These days, fitness brands view the development of sports bras as a science. They set up laboratories where products are put under stress tests. They also often work closely with biomechanical scientists. For its category revamp, Adidas teamed up with Joanna Wakefield-Scurr, a professor at the University of Portsmouth in England who has pioneered research in breast health and has also worked with competitors like Under Armour.

Sports bra development requires such scrutiny because of the product’s unique function. Nowadays, brands create sports bras for specific types of fitness: Adidas, for example, differentiates products for running, yoga or high-intensity training. Beyond that, companies must also study a bra’s movement, function and durability. Finding the right fit is important to minimise discomfort and avoid damage to the breast tissue.

“You need to look at bone, muscle, fat, skin and tissue and consider that [it all] can be high, low, centre or at the bone,” said Dr. LaJean Lawson, a sports bra researcher who’s been working in the field since 1984. “Breasts have an elastic tissue that responds to ground reaction forces and it’s a very complicated topology in a small space.”

Sales in the category are largely driven by leaders like Lululemon, Athleta, Nike and Under Armour, who own a large portion of the category, along with Victoria’s Secret and American Eagle’s Aerie.

Recently, however, smaller, direct-to-consumer brands like Girlfriend Collective, Alo Yoga, Vuori, Gymshark and Oner Active have been gaining ground in the category by emphasising fit, comfort and materials. They’ve been quicker at responding to consumer trends than bigger companies like Nike and Adidas, said Nina Marston, senior analyst at Euromonitor. One recent shift that larger companies are now playing catch up to is the purchase of sports bras for loungewear. As more shoppers ditch their underwire bras in favour of sports bras, the product is not solely relegated to fitness.

“Technical features were incredibly important for Nike and Adidas, but they were very late to… championing comfort,” said Marston. “Meanwhile, you have smaller brands stealing market share.”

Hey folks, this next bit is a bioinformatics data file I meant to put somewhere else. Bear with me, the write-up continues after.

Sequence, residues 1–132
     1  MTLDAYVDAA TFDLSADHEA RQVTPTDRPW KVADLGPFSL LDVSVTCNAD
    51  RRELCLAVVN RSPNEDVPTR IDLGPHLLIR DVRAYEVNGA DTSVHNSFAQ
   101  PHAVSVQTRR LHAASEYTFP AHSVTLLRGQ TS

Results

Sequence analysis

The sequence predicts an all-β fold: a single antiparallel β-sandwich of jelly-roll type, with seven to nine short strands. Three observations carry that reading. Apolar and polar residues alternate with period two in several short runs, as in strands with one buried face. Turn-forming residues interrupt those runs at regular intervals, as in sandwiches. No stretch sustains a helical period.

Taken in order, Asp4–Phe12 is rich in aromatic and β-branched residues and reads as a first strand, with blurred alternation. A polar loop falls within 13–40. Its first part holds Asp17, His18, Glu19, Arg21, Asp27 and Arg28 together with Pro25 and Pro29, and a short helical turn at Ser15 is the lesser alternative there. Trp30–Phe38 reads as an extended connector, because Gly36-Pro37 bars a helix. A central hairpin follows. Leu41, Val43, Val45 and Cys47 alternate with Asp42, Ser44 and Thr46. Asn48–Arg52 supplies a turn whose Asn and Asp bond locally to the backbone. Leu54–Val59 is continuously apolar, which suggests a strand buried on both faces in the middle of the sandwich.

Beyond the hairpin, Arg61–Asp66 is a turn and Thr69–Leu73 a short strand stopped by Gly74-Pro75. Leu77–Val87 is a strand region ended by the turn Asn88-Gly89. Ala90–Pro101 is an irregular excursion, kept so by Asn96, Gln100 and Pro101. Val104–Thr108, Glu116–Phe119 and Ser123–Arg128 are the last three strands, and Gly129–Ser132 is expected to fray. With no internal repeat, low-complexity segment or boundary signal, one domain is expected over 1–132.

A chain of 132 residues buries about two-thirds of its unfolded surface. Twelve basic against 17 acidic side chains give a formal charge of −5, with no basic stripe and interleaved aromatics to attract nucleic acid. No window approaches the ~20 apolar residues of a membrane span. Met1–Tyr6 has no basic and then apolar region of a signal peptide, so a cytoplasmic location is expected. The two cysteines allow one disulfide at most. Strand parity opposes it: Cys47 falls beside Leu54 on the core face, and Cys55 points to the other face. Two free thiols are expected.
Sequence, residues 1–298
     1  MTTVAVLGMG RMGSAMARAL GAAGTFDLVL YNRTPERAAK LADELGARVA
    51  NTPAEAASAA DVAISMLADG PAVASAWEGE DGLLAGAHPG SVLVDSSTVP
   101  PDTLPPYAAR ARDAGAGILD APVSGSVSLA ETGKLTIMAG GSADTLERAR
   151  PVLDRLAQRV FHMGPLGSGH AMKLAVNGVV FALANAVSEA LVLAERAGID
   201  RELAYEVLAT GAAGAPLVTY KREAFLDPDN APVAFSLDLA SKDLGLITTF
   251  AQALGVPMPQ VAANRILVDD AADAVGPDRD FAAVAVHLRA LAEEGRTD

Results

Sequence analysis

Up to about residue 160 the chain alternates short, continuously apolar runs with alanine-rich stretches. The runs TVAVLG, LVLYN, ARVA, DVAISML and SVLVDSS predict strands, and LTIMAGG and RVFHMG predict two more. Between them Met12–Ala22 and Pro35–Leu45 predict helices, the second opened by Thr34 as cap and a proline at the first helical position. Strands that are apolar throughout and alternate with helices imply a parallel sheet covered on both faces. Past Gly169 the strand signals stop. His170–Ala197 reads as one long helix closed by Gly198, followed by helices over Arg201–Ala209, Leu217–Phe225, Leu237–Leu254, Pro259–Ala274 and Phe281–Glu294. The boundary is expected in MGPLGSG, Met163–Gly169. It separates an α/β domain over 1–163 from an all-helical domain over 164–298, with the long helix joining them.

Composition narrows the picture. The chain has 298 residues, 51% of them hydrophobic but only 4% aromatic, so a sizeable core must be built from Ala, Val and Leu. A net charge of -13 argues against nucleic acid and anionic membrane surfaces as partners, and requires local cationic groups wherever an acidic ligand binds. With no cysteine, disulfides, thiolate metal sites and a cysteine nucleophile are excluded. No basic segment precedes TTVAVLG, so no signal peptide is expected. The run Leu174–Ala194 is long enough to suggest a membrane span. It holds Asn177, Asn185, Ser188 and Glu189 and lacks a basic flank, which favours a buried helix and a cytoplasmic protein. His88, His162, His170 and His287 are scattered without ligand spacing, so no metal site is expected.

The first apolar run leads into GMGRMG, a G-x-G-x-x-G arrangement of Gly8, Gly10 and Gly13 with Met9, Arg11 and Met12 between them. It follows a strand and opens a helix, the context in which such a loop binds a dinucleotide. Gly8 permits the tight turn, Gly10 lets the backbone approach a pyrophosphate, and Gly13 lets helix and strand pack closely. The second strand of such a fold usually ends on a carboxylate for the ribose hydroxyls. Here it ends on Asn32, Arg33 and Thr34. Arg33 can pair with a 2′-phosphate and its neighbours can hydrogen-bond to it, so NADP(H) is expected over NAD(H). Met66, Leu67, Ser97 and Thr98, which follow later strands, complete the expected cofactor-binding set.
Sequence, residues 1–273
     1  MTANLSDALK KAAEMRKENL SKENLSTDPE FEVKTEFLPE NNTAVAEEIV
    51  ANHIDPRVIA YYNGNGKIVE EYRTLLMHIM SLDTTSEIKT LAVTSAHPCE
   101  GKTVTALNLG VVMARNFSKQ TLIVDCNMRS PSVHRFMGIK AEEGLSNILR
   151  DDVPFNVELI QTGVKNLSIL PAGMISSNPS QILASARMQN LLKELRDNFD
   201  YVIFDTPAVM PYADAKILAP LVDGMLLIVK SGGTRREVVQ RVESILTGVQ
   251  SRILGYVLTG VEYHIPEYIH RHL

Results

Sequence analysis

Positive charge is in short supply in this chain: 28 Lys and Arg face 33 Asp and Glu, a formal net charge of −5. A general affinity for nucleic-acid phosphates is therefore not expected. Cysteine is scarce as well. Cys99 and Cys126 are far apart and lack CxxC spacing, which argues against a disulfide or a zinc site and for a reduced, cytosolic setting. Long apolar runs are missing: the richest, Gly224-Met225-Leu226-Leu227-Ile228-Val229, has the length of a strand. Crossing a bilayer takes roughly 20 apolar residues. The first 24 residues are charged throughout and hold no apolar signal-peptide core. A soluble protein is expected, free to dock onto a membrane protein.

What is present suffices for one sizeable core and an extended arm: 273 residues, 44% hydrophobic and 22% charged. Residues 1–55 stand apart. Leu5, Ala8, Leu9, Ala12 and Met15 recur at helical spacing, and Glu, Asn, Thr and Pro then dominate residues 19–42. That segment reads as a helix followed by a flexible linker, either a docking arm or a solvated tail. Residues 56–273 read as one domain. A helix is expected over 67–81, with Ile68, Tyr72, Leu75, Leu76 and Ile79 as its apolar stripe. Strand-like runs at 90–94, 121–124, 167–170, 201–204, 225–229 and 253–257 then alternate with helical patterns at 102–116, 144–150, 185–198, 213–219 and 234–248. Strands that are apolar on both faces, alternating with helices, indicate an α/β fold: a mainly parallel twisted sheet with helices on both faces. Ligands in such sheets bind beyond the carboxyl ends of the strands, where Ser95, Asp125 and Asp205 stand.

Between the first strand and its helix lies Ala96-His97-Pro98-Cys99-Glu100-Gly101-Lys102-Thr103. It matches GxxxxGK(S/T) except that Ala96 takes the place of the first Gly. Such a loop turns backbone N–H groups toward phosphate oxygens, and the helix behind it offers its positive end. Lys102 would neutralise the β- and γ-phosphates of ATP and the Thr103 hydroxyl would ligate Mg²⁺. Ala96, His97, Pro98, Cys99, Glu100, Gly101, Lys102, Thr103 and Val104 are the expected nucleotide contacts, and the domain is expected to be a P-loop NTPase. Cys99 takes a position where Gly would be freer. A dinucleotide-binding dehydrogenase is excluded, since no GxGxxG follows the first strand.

The Product Innovation

In some ways, sports bra product development has gotten easier, now that companies can use social media feedback to tweak their assortment. After listening to feedback, Brooks Running added mesh to the back of its sports bras last summer, as well as strategically placed perforation to its bras’ cleavage to help with sweat, said Angelica Jenett, the company’s design manager. Customer feedback also informed Gymshark’s revamp of its sports bra sizing.

A sports bra from the fitness apparel company Gymshark

But the field has also gotten more complicated. More brands are finally paying attention to plus-size women, said Lawson, which requires more than just making a garment larger. And as more women become involved in fitness, brands need to respond with updated products, including for activities like “boxing or horseback riding,” said Danielle Petesic, Gymshark’s chief product officer, who joined the start-up last year from Lululemon.

Brands can live up to the challenge by experimenting with materials, using fabrics that “behave in unusual ways, that closely fit over curves,” said Lawson.

“There’s this impression that the material needs to be stretch in active, but we’re looking at ways to wrap the breast instead to offer support,” added Petesic.

Brands have also been researching how to update small details, like seams and closures. Some, like Under Armour and Lululemon, have been working to laminate bra seams instead of stitching them; a manufacturing touch that helps with comfort, said Lawson.

And though more fashion-focused trends have emerged, such as sports bras with complicated straps that look stylish on Instagram, Lawson noted such efforts could also move the industry backwards. Brands, she said, should keep function in mind, so shoppers aren’t stuck with stylish-but-impractical bras.

“You see a bra that looks cool, but if it’s a struggle to put on or take off, that is not supporting you,” Lawson said. “You’re not just trying to accommodate the body, you want to make a product that celebrates it too.”

Editor’s Note: This article was revised on 22 March, 2022 to update the NPD Group’s data on sales figures of sports bras in 2021.

Further Reading

French footballing giant Paris Saint-Germain opened a new flagship store in New York last week, signalling its intention to become the sport’s first true fashion brand.